There are some honest objections to this interpretation of what the Bible says about baptism, and baptism doesn’t always have to divide us when we disagree, at least not completely. I have spoken at length to certain individuals who did not believe baptism was a necessary part of a person’s initial salvation, but who I am persuaded did in fact obtain salvation at their baptism. They believed you ought to be baptized in obedient submission to God after you are saved, that you become saved the moment you believe, then must demonstrate this with baptism. While we disagree about the exact moment an individual is saved, they believe faith and baptism are essential, and so they were baptized.
This led me to consider whether immersion as a submissive faith-driven response would result in forgiveness of sins even if someone did not realize it. How perfect of an understanding must you have when you are baptized? Do Paul’s words in Acts 2 indicate that a person has to be immersed with the intent that in doing so they will receive the forgiveness of sins, or do they simply indicate that the forgiveness of sins is the result? We go too far when we say a person’s baptism won’t count simply because they did not have a perfect understanding.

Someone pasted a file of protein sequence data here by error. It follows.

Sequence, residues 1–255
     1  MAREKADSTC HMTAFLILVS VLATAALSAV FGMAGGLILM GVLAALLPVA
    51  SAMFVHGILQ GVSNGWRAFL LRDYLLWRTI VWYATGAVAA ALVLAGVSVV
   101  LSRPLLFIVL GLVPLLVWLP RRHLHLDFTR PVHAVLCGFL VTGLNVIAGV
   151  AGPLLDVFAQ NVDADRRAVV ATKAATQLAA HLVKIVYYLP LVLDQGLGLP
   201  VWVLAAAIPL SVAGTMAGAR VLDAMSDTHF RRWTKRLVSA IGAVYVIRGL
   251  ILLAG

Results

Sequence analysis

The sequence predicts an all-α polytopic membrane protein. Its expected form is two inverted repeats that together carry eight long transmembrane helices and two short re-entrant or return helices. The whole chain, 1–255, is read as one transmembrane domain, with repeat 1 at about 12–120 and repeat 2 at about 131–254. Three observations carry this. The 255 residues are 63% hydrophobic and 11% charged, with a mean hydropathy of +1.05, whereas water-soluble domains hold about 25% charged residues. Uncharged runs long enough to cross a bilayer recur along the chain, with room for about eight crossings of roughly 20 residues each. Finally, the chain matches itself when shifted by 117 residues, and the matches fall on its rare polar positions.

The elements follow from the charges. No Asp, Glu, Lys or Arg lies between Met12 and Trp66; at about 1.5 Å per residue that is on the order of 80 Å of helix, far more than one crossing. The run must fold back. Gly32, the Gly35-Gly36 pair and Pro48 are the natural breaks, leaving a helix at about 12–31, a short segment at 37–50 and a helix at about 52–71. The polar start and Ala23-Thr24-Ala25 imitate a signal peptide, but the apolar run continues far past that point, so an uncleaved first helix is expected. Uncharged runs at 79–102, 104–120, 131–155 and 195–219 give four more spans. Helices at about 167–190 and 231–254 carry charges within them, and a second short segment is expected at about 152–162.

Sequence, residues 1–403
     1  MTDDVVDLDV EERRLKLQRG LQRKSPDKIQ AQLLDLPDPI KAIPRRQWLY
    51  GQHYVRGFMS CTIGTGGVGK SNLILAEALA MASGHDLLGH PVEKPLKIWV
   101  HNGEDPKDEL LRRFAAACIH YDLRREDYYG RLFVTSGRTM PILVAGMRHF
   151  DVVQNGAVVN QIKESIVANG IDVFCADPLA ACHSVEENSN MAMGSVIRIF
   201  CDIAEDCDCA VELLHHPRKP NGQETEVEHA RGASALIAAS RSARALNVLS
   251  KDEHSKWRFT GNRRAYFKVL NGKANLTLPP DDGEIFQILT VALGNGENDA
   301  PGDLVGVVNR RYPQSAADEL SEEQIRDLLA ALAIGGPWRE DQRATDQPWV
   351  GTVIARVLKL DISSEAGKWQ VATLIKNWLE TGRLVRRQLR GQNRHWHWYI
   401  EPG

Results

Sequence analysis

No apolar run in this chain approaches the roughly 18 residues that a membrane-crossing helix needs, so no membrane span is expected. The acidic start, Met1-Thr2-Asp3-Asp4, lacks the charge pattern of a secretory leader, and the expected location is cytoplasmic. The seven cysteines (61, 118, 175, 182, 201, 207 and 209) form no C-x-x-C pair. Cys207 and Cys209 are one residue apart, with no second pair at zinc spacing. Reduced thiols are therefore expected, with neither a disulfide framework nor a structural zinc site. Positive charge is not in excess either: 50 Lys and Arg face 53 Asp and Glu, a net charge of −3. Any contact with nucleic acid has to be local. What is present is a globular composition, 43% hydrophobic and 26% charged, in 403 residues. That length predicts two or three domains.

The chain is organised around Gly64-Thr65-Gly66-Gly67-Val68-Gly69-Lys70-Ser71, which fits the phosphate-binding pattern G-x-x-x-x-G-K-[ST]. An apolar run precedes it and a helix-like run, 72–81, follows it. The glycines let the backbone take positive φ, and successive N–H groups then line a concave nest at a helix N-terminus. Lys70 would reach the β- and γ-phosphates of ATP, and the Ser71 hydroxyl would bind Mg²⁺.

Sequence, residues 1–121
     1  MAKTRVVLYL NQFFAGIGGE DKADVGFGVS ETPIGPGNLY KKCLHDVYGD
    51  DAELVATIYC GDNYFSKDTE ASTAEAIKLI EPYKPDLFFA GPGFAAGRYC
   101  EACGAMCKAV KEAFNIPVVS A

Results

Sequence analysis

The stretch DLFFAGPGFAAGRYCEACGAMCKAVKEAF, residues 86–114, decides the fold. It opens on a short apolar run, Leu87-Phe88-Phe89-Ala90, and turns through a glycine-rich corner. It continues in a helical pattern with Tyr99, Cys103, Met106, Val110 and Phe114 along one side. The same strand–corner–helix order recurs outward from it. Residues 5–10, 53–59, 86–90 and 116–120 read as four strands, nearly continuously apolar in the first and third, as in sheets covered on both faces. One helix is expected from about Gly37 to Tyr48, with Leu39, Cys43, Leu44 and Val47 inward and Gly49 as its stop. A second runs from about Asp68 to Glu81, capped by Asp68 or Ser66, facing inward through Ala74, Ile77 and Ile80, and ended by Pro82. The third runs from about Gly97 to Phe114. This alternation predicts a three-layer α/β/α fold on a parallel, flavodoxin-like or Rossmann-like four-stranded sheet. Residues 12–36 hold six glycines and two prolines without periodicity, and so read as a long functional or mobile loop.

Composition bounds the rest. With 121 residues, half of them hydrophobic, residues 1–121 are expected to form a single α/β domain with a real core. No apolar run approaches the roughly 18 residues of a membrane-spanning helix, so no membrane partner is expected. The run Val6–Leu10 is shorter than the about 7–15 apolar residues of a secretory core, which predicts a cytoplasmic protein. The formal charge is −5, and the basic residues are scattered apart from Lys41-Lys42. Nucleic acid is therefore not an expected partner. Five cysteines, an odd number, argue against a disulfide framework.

If it were me, and I was baptized without understanding it was for the forgiveness of sins, I would probably do it again just to make sure. In being baptized again, I would call on the name of the Lord and make an appeal for a clean conscience, the forgiveness of my sins, if that wasn’t the mind-space I had when I was baptized previously. There’s nothing wrong with making sure. 2 Peter 1:10-11 says, “…give diligence to make your calling and election sure”, and while that is in the context of developing faith into a life of love, I think the principle of striving to be “sure” still applies in this context as well.